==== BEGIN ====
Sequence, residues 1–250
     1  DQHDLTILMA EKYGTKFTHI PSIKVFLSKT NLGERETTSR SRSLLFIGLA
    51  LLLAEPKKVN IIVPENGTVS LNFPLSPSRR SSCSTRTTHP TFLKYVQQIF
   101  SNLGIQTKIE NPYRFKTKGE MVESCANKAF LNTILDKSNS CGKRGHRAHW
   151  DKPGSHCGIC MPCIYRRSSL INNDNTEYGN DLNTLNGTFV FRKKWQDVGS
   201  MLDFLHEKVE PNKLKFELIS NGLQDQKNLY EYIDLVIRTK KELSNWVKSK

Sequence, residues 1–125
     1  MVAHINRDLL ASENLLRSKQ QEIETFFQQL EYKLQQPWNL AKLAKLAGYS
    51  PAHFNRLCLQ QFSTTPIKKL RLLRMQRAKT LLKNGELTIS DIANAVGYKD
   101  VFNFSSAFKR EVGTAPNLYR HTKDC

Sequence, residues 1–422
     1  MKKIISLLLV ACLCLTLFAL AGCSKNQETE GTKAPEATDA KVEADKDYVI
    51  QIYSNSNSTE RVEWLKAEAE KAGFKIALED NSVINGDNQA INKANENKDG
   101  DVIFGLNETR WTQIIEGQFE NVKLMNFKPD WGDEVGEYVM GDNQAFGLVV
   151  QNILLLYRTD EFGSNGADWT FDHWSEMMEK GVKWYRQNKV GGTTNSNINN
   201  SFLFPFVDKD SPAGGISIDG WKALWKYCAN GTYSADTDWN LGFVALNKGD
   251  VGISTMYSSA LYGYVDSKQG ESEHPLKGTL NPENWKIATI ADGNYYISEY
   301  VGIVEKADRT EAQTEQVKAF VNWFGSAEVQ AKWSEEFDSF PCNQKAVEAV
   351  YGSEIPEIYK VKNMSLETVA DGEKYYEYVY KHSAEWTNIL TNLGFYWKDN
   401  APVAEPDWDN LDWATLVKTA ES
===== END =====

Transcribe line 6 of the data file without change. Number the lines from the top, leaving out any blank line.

   201  MLDFLHEKVE PNKLKFELIS NGLQDQKNLY EYIDLVIRTK KELSNWVKSK